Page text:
How European Union Politicization can Emerge through Contestation: The Constitution Case

Author (Person) ,
Series Title
Series Details Vol.51, No.5, September 2013, p965-980
Publication Date September 2013
ISSN 0021-9886
Content Type


This article takes the European Union's constitution-making as a case study to examine ‘how’ politicization can emerge through contestation by political actors in response to political opportunities. It advances understanding of the conditions and processes through which politicization emerges by undertaking empirical analysis. The primary data source is an original sample of political actors' claims-making over European integration issues retrieved from news samples in France, Germany and Britain during the constitution event (2000–05). Main tenets of prominent theories on politicization are unpacked and tested in relation to the evidence from the claims-making analysis. The findings demonstrate the transformative impact of the French referendum as a specific opportunity: politicization was largely restricted to internal national contestation by French actors; political party competition was the prominent contestation form; and the Socialists mobilized against the constitution by advocating ‘Social Europe’. This transformed the political space by introducing competition over Europe into the party system's core.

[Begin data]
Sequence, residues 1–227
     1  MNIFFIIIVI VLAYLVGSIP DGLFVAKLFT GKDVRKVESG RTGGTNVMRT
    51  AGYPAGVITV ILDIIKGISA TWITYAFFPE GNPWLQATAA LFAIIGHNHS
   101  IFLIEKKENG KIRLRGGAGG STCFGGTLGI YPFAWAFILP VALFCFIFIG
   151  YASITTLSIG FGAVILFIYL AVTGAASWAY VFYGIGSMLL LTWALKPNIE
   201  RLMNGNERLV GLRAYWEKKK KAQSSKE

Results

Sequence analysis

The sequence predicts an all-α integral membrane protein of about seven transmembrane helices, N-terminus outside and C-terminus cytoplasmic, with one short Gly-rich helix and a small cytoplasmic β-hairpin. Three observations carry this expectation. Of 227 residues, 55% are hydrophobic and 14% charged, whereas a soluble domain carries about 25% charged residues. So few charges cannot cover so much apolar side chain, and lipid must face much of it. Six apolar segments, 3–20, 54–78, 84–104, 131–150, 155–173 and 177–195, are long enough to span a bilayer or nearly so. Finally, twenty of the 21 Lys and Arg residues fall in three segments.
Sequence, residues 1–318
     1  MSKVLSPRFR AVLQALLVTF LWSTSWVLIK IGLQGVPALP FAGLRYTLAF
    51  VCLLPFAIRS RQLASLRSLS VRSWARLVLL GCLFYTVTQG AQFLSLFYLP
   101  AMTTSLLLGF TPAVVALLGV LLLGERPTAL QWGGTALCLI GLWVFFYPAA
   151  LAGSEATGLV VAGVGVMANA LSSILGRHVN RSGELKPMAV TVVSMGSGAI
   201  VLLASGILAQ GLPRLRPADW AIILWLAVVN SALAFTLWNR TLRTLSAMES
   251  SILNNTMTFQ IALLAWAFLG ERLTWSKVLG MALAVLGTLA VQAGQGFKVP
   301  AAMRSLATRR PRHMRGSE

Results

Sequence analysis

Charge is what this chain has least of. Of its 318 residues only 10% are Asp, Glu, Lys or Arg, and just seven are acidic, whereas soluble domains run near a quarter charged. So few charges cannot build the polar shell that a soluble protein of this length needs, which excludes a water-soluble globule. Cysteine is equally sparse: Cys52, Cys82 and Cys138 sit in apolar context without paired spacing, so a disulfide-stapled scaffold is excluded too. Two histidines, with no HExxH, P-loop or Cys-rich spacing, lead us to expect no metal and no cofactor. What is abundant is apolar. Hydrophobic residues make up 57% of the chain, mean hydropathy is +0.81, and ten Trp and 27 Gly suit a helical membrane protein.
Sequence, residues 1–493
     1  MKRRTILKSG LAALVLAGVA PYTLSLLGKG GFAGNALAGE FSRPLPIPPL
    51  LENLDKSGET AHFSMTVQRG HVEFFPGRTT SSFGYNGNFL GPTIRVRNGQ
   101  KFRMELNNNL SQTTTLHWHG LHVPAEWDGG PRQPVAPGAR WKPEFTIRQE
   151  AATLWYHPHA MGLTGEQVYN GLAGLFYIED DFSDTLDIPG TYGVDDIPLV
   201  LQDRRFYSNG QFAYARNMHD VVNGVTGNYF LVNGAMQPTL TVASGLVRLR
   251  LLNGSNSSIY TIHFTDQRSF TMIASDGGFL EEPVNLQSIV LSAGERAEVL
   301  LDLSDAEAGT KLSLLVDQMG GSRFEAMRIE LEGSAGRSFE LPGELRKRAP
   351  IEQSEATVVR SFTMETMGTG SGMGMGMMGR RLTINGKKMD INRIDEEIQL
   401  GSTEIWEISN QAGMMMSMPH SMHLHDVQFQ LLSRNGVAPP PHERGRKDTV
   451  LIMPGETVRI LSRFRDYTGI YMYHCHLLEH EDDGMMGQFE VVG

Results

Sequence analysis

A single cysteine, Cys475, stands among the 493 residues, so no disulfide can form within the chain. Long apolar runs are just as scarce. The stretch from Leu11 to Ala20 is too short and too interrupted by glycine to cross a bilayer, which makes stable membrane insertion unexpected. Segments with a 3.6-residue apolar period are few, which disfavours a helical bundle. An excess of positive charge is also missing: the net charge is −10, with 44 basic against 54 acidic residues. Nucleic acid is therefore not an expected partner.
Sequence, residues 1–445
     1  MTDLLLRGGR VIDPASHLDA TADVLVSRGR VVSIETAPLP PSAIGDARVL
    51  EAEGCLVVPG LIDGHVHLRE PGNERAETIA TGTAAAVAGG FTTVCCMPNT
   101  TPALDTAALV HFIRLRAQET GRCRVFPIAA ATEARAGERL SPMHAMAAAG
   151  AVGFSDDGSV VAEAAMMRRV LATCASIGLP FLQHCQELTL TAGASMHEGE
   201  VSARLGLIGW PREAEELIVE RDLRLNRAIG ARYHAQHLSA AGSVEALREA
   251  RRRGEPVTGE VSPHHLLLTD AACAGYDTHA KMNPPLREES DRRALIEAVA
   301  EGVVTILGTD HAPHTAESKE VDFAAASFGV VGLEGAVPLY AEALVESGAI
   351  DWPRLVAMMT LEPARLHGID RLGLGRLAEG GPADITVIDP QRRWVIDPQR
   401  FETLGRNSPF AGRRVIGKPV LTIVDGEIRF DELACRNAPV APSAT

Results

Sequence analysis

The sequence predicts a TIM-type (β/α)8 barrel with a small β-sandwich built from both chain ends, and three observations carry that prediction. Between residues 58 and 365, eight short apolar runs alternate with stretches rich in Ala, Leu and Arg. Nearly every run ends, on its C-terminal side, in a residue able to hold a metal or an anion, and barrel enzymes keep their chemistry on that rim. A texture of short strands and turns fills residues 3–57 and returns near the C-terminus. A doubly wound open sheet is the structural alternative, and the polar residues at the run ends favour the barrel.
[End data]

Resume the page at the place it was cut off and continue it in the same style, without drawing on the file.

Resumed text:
Source Link
Subject Categories
Countries / Regions
Record URL